The Money in Mobile: Making your website mobile-friendly

A growing percentage of news traffic is coming from younger readers who use mobile devices.

A growing percentage of news traffic is coming from younger readers who use mobile devices.

By Ruffin Prevost

The mobile ad market appears to be poised for explosive growth in the years ahead, and local news publishers need to be prepared to take advantage of that opportunity.

While it may seem important to have a mobile-friendly web site to earn money from mobile ads, it’s even more important to make your site a mobile news site to hang on to your readers, said Amy Gahran during her 2012 Block By Block Community News Summit presentation, “The Money in Mobile.”

“Yes, you can make money off it,” Gahran said of creating a mobile-friendly site. “But more importantly, do you want to keep having an audience? If you don’t become more mobile friendly with what you’re doing, you’re not going to have an audience, or much of one.”

Mobile is big and growing

People, especially younger readers, are using smartphones to access more and more news and content online, with between 12-25 percent of online content traffic being viewed on mobile devices, Gahran said. And those numbers are growing.

Equally important, people are twice as likely to originate a local search from a smartphone as they are from the desktop, she said. People use phones, for instance, to search for dining and shopping opportunities as they are doing those activities.

You and your advertisers need to go mobile, and you can provide value by selling services to them to navigate the transition, she said.

As you are developing a mobile strategy, you might want to use network ads like Google AdSense to fill your unused ad slots. It can deliver $50-$150 per month in extra revenue until you have a fully developed mobile site.

Sell mobile services, not just mobile ads

Gahran recommends becoming a white-label reseller of mobile landing pages for early-adopting advertisers. You charge the advertiser for the page and the hosting, even if they advertise with your competitors.

Setting up a click-to-call page for advertisers is also a lucrative opportunity, Gahran said. Advertisers typically pay 8-10 times more for click-to-call performance than for desktop ads with strong click-through rates.

“Sell service and guidance for a mobile presence, not just ad space,” she said.

Gahran recommends that community news publishers do not create custom apps, but instead work on building responsive-design websites, especially when redesigning their sites.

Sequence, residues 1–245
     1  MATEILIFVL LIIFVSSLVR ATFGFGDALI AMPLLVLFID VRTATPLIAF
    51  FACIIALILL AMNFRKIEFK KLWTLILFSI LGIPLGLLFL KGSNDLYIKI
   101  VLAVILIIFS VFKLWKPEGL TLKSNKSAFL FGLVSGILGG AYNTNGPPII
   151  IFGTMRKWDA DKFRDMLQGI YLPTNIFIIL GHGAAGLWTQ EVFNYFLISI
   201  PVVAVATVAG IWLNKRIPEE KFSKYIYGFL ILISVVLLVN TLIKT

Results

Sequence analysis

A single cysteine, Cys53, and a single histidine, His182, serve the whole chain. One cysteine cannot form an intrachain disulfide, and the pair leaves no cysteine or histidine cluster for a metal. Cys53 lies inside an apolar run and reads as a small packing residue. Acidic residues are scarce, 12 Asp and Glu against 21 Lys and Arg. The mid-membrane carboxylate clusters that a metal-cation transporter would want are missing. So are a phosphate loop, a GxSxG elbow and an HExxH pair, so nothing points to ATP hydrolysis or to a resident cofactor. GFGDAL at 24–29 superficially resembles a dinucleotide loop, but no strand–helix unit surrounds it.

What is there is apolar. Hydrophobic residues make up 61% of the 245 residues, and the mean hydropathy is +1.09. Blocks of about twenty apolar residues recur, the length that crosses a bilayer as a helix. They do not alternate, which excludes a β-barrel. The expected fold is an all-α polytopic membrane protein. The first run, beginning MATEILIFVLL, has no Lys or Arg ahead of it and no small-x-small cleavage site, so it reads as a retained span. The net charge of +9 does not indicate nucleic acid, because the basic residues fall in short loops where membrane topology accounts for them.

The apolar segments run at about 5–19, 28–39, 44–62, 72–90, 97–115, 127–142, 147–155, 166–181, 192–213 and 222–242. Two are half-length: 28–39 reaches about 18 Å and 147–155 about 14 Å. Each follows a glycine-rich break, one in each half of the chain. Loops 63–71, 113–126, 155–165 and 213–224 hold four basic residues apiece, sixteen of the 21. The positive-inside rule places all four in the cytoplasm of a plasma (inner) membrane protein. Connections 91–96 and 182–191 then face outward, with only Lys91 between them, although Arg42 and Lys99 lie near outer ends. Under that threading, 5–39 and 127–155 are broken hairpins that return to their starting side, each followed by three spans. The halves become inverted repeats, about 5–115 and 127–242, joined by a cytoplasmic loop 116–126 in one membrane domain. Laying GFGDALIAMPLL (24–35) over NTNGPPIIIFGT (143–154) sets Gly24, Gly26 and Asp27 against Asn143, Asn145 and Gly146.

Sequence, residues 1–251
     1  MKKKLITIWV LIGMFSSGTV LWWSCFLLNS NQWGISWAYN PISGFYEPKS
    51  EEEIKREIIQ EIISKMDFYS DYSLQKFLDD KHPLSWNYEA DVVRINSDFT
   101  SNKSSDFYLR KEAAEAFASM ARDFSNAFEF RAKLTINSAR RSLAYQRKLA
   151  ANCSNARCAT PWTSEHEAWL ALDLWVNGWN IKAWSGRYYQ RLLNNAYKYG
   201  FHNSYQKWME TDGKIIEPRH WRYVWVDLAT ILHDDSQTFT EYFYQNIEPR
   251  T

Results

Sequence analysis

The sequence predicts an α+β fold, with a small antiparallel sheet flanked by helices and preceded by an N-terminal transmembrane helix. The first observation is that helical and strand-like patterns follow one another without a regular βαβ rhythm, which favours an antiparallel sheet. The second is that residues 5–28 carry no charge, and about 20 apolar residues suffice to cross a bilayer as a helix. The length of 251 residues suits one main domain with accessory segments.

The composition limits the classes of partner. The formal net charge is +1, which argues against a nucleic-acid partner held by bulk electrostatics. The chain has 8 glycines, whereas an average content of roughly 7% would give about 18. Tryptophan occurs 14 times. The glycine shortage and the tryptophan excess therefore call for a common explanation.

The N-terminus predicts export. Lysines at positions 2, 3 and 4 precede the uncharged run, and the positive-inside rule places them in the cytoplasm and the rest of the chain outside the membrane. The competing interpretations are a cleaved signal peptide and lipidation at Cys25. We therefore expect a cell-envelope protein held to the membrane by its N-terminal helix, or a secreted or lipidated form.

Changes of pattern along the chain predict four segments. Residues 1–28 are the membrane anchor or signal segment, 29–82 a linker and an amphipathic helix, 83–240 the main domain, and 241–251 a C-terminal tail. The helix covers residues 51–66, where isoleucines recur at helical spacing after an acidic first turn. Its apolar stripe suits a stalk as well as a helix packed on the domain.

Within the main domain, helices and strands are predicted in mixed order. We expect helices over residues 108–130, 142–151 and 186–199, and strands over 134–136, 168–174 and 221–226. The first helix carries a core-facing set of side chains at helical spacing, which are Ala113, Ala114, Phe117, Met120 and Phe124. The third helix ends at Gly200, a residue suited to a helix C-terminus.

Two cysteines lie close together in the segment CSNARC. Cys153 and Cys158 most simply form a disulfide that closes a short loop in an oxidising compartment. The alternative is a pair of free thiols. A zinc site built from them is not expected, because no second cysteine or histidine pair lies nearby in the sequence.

WordPress users can install themes and plug-ins to make a site ready for mobile readers.

“It is dead easy to make a WordPress site mobile friendly,” Gahran said.

Use device detection to route mobile traffic to the appropriate site, sending mobile users to a mobile-friendly site, she said.

Gahran recommends including two mobile ad slots on every page. Standard mobile sizes, in pixels, include 300×50, 320×50 and 300×200.

Adopt a mobile mentality

Mobile publishers can also use low-cost web-based services to send out text message alerts for readers who want them. Offering opt-in text news alerts is a great way to drive traffic to mobile-friendly pages where mobile ads are viewed and clicked. But avoid including ads in the alerts themselves, Gahran cautions, as it’s a turn-off for most readers.

Most importantly, publishers should visit their sites using smartphones and other mobile devices to see how mobile readers experience pages. Publishers should think from a mobile viewpoint and avoid trying to apply desktop banner ad paradigms to the developing mobile ad world, Gahran said.

“If we keep thinking about mobile advertising the way we think about web advertising — which borrows too much from print advertising to begin with — we’re in trouble,” she said.

For more information, download Gahran’s slide presentation at bit.ly/bxbmobile and view additional links and resources at communitymobile.tumblr.com.

Ruffin Prevost is editor of Yellowstone Gate, a community news and information site about Yellowstone and Grand Teton national parks and their gateway towns. He has created a lame, stop-gap, quasi-mobile version of his site while working to redesign it using responsive HTML.

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